You might know that I caught the macrame bug last summer. There is just something so magical about transforming a simple piece of rope! Once I figured out the basics, I wanted to be able to create some more original designs as well. Here are my posts on macrame plant hangers:
- beginner’s plant hanger with simple knots
- plant hangers with square knots, wave knots, and beads
- adding accents with colors
Even with my love of plants and hanging planters, I was running low on things to make with rope, so I was very excited to see this I discovered macrame pendant lights. I first caught sight of Windy Chien’s Helix light in the Apartment 34’s One Room Challenge:
And then, I began spotting it everywhere, like in this beautiful bedroom from Katie Monkhouse:
I was looking for bedside lamps for our guest room and teen’s room, and I knew that I just had to try my own version of these lights!
Here’s what you’ll need:
- Plug-in light kit, with a cord color that coordinates with your rope: Here’s one with a white cord and one with a black cord. I used one that is black with a metallic light socket
- Macrame rope: such as cotton clothesline, or check out the gorgeous options from Bobbiny or Modern Macrame. I tried two types of rope:
- 5mm diameter Bobbiny cotton rope. I used about 200′ of 5mm rope for at 15′ light kit.
- 9mm diameter Bobbiny rope. I used 150′ of this for a 15′ light kit.
- Light bulb: looks great with an LED Edison bulb or G40 frosted LED bulb
- For the hanger, I used my favorite Ikea Ekby Valter brackets (I’ve used them as plant hangers, as well as, as intended, shelf brackets). I stained the unfinished brackets with walnut stain. The 9mm rope light is hanging from the larger size bracket, and the 5mm rope light is hanging from the smaller bracket.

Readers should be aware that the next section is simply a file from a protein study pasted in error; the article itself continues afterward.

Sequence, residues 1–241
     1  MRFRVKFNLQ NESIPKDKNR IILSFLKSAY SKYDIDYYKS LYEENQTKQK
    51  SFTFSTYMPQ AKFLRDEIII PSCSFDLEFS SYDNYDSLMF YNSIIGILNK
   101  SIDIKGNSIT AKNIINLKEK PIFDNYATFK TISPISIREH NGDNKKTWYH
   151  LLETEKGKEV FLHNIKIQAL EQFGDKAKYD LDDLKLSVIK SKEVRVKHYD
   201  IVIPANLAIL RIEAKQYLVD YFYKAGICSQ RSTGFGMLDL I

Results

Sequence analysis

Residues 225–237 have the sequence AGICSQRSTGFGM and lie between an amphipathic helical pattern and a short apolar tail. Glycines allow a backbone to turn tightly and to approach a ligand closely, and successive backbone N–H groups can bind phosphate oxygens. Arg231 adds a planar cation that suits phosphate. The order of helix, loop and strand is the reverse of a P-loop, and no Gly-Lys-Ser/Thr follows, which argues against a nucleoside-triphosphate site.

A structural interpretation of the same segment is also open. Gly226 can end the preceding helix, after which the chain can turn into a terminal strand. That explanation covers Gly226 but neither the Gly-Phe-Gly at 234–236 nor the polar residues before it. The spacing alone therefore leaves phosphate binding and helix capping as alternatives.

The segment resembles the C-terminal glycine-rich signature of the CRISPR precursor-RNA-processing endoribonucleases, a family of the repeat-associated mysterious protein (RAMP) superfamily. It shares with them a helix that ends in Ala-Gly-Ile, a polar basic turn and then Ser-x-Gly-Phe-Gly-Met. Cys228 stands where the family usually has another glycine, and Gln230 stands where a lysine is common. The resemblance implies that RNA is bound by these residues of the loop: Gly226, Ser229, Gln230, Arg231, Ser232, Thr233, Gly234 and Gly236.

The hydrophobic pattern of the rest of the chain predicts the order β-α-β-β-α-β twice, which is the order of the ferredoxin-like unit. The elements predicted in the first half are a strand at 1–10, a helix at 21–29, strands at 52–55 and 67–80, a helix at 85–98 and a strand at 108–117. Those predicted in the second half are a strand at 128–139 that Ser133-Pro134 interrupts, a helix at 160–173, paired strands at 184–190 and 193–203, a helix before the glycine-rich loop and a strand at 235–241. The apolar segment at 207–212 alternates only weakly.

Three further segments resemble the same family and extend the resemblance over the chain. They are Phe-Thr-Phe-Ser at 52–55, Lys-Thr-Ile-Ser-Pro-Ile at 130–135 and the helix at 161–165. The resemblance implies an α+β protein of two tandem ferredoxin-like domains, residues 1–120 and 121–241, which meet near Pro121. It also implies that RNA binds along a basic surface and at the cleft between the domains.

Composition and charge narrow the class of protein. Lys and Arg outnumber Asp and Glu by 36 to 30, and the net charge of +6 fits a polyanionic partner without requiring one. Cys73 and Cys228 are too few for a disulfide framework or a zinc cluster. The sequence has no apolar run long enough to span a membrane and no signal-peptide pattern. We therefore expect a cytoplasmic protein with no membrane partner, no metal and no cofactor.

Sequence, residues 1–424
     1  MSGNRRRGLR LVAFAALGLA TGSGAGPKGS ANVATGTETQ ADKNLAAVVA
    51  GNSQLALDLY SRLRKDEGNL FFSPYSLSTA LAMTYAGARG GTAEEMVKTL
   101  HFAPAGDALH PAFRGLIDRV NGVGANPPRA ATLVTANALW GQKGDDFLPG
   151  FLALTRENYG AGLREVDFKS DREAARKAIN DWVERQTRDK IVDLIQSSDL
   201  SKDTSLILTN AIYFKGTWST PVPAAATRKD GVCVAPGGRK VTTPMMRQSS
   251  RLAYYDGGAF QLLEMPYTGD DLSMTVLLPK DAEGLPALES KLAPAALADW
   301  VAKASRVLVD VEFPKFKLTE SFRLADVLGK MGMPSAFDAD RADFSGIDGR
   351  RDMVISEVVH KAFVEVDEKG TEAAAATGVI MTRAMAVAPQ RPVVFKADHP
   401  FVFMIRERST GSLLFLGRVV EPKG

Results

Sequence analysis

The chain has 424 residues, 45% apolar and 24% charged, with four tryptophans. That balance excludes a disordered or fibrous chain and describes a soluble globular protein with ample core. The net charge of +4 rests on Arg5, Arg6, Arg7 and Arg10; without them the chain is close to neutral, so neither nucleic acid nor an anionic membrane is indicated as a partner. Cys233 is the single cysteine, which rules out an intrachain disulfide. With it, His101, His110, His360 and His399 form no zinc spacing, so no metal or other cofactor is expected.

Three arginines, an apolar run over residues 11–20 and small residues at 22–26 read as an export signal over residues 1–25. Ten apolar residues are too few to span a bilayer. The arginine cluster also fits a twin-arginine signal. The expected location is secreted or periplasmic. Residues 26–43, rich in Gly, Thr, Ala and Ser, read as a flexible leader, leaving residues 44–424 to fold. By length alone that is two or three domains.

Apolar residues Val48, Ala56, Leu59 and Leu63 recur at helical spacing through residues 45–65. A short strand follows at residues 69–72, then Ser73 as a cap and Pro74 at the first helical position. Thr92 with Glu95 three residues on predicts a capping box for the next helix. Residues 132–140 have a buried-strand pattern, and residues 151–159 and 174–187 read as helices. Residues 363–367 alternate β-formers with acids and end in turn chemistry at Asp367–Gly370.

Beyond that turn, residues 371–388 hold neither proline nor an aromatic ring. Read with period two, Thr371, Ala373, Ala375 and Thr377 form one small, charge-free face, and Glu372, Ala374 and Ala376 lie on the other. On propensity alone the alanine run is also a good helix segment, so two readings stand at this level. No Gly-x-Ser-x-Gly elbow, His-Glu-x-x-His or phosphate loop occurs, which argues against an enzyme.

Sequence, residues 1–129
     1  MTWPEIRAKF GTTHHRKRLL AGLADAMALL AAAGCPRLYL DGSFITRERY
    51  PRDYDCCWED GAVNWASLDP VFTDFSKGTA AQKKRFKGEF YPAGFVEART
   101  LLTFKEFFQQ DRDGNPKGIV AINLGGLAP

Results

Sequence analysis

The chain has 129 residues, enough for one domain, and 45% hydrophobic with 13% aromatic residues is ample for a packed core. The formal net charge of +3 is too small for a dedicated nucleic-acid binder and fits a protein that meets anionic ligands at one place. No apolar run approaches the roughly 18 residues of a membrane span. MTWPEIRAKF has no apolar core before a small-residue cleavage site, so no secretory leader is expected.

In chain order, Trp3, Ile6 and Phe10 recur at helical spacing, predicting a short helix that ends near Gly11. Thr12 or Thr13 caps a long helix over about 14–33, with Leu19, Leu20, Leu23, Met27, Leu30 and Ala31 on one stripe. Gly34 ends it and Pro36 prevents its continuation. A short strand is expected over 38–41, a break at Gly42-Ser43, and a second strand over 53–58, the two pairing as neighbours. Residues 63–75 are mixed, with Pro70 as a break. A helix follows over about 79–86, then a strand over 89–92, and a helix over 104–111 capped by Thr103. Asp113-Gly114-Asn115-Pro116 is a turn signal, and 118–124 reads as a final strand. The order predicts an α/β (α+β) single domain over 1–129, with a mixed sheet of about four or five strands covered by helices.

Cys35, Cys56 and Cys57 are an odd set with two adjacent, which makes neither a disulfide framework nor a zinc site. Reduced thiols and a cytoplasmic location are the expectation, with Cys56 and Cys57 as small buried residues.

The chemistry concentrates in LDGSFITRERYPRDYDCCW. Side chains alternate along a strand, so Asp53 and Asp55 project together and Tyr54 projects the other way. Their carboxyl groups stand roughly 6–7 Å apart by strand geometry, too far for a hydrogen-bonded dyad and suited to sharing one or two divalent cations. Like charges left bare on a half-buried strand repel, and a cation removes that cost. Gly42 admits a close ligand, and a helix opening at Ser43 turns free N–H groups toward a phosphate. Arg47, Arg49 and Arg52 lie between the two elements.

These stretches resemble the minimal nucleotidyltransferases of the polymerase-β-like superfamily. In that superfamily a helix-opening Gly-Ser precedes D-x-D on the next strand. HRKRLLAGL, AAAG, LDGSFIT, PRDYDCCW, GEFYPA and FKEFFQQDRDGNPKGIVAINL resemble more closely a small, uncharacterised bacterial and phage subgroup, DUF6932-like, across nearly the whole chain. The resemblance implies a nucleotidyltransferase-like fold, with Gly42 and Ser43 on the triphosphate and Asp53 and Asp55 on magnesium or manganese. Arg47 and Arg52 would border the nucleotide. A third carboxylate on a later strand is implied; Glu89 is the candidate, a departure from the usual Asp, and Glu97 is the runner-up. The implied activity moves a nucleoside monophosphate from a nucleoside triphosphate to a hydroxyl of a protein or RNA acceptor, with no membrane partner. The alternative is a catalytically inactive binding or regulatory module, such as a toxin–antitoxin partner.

Here’s how to do it:
- Test your light kit! It’s probably fine, but you’ll be spending several hours on it, so you want to make sure you didn’t get a lemon
- find the midpoint of your rope and lay it behind your cord, next to the light fixture. With the two long ends of rope, start tying a wave knot
- Tips: it can get unwieldy working with so much rope. I used a kitchen scale to help me divide the rope in half. I also used rubber bands to hold together the balls of rope, so they would not unravel.
- Keep going
- (Turn on a movie or podcast)
- Keep going
- When you get to the switch, neatly line the rope along the sides of the switch and then resume your wave knot
- When you’ve almost reached the plug, use a gathering knot to finish off the ends
Here are some pictures of the hanging lights – the navy cord was made with 5mm cord and the denim cord with 9mm rope.
I don’t know about you, but I want to make another one (or ten) soon.
Julie aka “Jewels”